Printed visitor brochures and maps are hugely influential in guiding visitors to great experiences around Ireland, particularly during trips. They are also loved by visitors and are sustainable.
Brochures are made from sustainable materials that are an important part of the circular economy. Paper is made from renewable resources, namely wood, and can be recycled and reused many times without losing its quality. This makes it an environmentally friendly choice that helps to reduce waste and minimize the use of non-renewable resources. It’s why, for instance, supermarkets are moving away from plastics which can be damaging to our oceans and the environment, toward paper and board for packaging. They are demonstrating their commitment to sustainability and to appeal to consumers who are looking for more environmentally conscious options.
In the circular economy, the concept of “reduce, reuse, and recycle” is applied to keep resources in use for as long as possible. Paper is a perfect example of this, as it can be easily recycled up to seven times before the fibres become too short and weak to be used again. Once it can no longer be recycled, paper can be used for energy production or as a source of raw materials for other products.
Furthermore, the production of paper has become more sustainable over time, with modern production methods using less water, energy, and chemicals than in the past. In addition, the industry, particularly in Europe, has implemented responsible forestry practices to ensure that trees are being grown and harvested in a sustainable and responsible manner.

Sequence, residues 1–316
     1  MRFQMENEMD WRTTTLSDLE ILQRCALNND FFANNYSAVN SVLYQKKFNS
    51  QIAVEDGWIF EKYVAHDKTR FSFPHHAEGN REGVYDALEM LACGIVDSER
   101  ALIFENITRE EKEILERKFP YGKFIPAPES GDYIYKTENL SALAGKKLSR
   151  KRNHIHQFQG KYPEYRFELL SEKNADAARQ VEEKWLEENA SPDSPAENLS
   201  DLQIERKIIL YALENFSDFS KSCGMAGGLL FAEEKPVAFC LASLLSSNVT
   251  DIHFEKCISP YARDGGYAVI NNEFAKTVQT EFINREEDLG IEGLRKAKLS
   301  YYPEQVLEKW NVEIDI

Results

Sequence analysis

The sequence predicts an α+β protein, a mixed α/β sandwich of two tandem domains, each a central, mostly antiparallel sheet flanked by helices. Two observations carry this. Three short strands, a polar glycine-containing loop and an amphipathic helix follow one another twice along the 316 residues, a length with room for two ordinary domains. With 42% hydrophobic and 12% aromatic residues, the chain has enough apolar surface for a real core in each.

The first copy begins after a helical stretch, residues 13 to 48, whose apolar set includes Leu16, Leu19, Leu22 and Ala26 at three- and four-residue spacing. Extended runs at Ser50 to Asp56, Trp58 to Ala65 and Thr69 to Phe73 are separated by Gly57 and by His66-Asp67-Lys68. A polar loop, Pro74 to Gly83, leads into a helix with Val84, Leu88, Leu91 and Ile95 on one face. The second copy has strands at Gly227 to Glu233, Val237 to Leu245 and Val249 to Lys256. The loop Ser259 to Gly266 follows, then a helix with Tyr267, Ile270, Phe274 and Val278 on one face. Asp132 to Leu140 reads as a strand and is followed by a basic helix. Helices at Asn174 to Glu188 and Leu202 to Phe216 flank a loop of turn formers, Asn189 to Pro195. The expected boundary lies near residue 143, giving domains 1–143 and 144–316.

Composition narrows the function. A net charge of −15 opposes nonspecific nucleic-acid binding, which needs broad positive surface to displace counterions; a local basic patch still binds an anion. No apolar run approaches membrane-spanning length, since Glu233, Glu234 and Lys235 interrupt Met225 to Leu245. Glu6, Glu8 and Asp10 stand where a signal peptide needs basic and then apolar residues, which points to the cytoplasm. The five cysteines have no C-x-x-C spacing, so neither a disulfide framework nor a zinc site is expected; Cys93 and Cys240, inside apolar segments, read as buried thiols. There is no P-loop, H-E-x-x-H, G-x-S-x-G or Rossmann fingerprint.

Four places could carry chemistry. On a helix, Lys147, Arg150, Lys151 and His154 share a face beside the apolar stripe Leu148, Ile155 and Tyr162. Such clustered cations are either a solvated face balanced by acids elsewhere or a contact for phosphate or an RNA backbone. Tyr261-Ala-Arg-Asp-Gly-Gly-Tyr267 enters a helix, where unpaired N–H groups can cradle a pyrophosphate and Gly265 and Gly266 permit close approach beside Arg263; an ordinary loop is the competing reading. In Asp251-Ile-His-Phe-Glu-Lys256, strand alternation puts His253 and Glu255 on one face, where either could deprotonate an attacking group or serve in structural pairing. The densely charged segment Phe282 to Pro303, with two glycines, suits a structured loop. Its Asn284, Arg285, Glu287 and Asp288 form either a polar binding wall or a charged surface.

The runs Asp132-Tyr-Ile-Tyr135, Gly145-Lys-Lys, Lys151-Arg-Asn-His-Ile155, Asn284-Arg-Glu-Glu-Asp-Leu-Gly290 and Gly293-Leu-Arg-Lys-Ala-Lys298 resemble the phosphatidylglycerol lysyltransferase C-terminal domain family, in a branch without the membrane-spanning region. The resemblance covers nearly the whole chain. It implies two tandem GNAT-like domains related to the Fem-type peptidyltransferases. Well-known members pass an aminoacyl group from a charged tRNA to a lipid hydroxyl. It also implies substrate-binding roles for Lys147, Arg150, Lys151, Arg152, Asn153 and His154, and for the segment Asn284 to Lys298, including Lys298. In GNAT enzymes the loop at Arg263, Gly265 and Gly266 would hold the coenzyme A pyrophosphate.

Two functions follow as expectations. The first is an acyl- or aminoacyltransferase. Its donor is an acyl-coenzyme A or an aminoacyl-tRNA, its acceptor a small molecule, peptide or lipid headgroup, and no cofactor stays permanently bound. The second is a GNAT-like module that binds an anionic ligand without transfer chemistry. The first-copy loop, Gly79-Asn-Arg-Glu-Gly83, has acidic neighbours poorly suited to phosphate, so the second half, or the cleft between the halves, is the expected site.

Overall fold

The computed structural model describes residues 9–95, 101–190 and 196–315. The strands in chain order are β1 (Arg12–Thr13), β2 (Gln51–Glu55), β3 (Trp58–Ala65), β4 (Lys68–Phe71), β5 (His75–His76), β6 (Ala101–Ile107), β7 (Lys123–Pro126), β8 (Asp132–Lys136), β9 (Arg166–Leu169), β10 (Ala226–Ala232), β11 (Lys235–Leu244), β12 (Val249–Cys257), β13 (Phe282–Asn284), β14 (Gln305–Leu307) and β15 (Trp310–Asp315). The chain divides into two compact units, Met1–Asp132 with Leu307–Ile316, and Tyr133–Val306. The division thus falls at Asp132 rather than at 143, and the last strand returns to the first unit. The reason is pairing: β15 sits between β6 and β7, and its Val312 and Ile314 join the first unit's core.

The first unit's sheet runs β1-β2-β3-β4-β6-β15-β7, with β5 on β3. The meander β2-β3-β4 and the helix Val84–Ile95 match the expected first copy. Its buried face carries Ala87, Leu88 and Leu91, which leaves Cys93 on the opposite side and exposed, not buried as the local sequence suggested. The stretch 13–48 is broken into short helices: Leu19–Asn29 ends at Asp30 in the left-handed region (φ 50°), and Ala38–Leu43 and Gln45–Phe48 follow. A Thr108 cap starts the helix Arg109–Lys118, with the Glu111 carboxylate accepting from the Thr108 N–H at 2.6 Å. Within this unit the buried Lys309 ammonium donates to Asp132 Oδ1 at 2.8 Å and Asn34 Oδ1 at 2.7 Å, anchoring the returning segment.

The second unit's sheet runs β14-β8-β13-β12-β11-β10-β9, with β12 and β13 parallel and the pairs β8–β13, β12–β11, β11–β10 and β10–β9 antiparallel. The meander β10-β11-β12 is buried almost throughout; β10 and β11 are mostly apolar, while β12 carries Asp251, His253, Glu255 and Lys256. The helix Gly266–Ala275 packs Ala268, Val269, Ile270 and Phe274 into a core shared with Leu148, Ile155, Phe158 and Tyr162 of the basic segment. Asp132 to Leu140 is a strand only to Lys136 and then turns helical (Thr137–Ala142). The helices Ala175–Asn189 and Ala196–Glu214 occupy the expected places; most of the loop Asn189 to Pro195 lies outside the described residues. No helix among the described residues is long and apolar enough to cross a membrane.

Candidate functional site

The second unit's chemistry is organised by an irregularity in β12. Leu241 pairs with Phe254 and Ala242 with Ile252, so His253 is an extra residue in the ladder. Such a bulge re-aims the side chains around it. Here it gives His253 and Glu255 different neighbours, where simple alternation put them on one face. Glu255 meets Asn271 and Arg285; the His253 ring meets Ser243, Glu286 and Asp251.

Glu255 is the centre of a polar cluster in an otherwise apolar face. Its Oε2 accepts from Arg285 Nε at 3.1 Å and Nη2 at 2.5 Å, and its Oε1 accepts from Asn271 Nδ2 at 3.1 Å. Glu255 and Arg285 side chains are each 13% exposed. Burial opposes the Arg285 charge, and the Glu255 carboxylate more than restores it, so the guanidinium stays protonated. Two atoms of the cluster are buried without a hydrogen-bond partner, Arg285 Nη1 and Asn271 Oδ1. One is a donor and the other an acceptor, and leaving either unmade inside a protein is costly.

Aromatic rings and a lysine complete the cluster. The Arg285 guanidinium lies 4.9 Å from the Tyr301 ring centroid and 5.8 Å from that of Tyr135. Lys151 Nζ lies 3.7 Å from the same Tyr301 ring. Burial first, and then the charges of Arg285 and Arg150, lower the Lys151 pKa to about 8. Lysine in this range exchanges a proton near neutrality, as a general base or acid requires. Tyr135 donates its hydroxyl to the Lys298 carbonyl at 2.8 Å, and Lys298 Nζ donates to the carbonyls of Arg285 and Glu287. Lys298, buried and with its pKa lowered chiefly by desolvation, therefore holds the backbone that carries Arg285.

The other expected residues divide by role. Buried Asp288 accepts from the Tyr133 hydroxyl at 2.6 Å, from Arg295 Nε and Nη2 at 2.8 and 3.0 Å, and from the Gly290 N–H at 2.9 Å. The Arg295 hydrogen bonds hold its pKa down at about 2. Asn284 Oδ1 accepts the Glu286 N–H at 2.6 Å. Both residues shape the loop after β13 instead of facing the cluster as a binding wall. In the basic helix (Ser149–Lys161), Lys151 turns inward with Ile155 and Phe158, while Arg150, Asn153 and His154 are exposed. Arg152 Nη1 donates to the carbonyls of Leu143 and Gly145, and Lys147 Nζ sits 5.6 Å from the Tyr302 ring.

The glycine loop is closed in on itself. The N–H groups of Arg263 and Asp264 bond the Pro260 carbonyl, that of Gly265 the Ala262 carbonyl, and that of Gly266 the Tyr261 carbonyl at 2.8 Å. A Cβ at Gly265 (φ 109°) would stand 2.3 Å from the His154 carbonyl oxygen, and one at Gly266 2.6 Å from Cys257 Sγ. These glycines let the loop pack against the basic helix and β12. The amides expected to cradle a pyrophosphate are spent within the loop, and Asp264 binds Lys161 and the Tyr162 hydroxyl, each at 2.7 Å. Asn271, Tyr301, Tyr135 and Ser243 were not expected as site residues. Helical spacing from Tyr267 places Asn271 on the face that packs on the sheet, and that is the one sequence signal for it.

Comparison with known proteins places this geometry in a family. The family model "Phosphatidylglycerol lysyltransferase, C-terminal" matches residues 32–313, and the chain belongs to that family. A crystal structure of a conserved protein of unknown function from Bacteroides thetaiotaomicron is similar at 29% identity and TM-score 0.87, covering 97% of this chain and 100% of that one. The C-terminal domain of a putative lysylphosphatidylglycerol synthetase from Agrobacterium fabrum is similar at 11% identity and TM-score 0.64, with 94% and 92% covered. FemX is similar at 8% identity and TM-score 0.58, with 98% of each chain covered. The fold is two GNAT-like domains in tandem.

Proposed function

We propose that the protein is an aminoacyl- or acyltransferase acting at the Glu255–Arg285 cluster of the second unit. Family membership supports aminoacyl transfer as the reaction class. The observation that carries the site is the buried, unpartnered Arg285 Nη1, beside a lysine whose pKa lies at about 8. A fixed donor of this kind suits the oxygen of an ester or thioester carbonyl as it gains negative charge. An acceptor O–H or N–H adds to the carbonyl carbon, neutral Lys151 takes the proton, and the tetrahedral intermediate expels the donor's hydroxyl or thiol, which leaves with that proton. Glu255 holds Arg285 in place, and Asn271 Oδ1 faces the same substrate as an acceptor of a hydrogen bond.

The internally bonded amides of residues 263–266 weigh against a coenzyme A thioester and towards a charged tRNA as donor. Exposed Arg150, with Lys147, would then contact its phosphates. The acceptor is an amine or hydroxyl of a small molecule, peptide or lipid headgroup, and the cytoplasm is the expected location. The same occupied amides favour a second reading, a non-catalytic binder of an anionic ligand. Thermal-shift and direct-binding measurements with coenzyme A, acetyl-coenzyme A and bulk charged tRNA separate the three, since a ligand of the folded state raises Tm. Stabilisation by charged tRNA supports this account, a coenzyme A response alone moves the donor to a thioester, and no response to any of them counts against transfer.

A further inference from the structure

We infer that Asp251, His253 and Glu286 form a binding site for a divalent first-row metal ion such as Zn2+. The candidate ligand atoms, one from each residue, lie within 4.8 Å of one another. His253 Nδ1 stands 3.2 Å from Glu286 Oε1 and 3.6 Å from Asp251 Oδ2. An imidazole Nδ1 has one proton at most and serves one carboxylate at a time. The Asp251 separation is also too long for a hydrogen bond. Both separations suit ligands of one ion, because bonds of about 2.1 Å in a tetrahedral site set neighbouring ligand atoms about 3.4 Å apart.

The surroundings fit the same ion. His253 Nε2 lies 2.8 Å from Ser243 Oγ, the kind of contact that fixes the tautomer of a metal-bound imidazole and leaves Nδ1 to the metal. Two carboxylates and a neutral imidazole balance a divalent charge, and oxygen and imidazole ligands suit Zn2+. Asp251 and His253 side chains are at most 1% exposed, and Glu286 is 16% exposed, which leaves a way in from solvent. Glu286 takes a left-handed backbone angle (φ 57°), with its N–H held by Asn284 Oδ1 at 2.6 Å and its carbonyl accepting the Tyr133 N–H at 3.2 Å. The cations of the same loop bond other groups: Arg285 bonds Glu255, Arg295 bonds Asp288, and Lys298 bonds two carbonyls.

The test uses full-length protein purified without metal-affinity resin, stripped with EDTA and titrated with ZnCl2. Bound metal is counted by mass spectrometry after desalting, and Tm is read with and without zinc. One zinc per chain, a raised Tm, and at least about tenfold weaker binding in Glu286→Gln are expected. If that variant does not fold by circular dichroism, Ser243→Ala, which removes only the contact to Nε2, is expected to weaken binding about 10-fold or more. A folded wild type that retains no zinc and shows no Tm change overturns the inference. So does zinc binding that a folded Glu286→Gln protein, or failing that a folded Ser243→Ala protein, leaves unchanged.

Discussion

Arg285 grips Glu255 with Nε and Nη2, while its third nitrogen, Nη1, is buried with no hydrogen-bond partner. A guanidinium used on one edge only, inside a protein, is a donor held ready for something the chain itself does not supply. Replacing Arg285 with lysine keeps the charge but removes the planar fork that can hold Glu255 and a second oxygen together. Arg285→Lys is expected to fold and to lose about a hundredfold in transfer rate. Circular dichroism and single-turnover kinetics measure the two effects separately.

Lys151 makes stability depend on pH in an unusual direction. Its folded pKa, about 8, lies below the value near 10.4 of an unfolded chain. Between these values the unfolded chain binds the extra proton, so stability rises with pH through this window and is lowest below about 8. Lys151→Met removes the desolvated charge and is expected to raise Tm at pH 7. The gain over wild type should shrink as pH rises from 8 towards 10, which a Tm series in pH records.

Here are a few facts to note.
74% of paper is recycled – one of the world’s most recycled products: In Europe, 74% of paper and 83% of cardboard packaging is recycled. This share will continue to grow with a target of 90% by 2030. In addition, paper can be recycled up to seven times before the fibres become too short and weak to be used again. However, even then, the fibres can be used as raw materials for other products. Currently, in Europe, paper is recycled on average 3.8 times.
In Europe, paper comes from managed forests: In Europe, where almost all primary forests are protected, paper comes from sustainably managed forests where the cycle of planting, growing, and logging is carefully controlled.
In Europe, forests have been growing by 1,500 football pitches every day: When managed, paper is a crop, like fruit and vegetables. The trees used for paper are planted, harvested, and new trees replace them. For instance, between 2005 and 2020, European forest cover grew by 58,390 km2 – an area larger than Switzerland and the equivalent of almost 1,500 football pitches of forest growth every day.
Paper is biodegradable and harmless to the environment. Paper is biodegradable; it breaks down naturally and rapidly in the environment without causing harm to wildlife or ecosystems. Paper takes just 2 to 6 weeks to break down in the environment; plastics take up to 400 years to break down and can release harmful chemicals, and aluminium can take between 400 and 500 years to break down.
Watch out for them on your travels!